Why Austin Is the New, More Affordable Silicon Valley
The business economy of Austin, Texas, is composed of many early-stage tech companies, a large majority of which were founded no more than five years ago. These newly sprouted tech workplaces have created a 36.4 percent increase in STEM jobs in the city, according to Built in Austin.
There are over 86,000 people in Austin who are employed with a tech company, and Austin was recently ranked the No. 1 city for the creation of the most tech jobs, according to Forbes. But what makes the Silicon Hills so successful and where does the city’s appeal come from?
Here are some of the reasons why STEM professionals and tech companies flock to Austin:
There are many opportunities for newcomers in this tech market. Startup companies are exponentially growing, and established corporations are large contributors toward the tech community’s growth. There have been rumors about Google and Amazon expanding into Austin and creating a significant amount of engineering jobs. Other large companies like IBM, Intel, National Instruments, Indeed and AMD have offices in Austin and boost growth in Austin’s tech market.
Samsung established the Advanced Log Lab in Austin to focus on creating low-power mobile products like the Samsung Galaxy S7 Edge. Austin also has hundreds of smaller tech companies and startups. The emerging market provides many job opportunities for industry newcomers and helps new talent find work in their area of expertise. The diverse base of industries in the city sets the community up for veritable success and propels exponential growth.
Community and City Culture
The startup community of the Silicon Hills is likened with the early days of San Francisco’s Silicon Valley. The vibrant tech community in Austin is supportive of each other and has a friendly culture. The small scale of this community, in comparison with Silicon Valley, creates a more tight-knit group of companies that are eager for collaboration and fresh ideas.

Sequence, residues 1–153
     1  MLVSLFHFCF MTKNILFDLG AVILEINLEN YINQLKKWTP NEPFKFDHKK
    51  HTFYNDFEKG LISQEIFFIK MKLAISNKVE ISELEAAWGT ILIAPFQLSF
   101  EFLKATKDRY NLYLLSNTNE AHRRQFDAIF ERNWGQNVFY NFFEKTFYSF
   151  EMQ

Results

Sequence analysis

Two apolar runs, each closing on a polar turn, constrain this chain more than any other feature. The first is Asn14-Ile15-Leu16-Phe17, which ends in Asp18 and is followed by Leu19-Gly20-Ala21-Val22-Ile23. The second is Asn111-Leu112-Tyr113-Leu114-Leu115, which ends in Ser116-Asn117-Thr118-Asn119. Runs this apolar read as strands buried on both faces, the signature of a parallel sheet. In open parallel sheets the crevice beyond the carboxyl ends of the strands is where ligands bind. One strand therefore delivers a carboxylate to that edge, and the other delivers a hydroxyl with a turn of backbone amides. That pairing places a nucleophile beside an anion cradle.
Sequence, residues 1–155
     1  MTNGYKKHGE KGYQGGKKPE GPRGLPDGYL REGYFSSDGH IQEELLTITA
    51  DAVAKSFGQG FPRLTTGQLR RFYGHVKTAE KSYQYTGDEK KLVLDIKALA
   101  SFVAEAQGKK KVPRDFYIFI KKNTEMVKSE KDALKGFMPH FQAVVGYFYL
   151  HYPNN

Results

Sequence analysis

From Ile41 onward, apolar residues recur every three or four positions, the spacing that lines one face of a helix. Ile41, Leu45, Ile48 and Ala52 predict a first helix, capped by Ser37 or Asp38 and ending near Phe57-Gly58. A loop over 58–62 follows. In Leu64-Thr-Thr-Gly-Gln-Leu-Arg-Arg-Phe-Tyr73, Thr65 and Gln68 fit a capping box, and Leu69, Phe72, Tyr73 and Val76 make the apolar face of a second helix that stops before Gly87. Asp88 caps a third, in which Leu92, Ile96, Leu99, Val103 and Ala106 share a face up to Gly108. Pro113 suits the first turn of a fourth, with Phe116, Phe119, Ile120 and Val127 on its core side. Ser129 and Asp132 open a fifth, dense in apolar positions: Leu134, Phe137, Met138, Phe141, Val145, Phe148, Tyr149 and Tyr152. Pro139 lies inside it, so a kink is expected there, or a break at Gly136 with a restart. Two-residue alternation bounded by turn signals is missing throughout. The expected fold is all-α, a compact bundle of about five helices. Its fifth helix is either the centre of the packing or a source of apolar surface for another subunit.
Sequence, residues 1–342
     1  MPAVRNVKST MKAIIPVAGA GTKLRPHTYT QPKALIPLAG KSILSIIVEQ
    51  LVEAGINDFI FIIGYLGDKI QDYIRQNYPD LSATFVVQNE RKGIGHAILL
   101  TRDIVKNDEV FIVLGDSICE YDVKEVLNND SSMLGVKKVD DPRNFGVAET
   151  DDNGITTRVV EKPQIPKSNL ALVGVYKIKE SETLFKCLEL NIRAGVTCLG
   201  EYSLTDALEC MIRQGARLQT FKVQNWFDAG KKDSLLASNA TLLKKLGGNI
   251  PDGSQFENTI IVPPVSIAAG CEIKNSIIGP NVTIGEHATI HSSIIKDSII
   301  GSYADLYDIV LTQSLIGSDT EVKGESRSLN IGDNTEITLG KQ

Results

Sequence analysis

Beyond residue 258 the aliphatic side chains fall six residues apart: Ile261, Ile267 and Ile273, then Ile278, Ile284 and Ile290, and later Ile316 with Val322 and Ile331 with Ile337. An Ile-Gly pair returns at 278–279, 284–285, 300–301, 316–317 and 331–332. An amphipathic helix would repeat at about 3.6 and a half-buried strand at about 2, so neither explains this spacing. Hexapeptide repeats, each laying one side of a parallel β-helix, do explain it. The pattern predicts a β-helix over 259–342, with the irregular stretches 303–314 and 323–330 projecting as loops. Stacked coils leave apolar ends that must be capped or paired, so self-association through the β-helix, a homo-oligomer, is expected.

The Austin Chamber of Commerce supports tech startups and recognizes that their success will improve the city. It hosts support events that connect new tech companies with viable investors. Even unrelated community events are helpful for startups. For example, SXSW gives tech companies the opportunity to employ new marketing techniques that gain the attention of large and diverse audiences.
Silicon Valley and the Bay Area have astronomical living costs. Those who work for a tech startup pay 271 percent more for their overall cost of living than the national average, according to Sperling’s Best Places. Austin, on the other hand, is within 7 percent of the national average. There is no state tax in Austin and the cost of housing is affordable. According to Apartment List, a one bedroom median price in San Francisco is $3,580, and in Austin a one bedroom has a median price of $1,010.
While Silicon Valley has become large and expensive, Austin has made itself a prime destination for tech companies or job seekers. Only time will tell what the next location will be.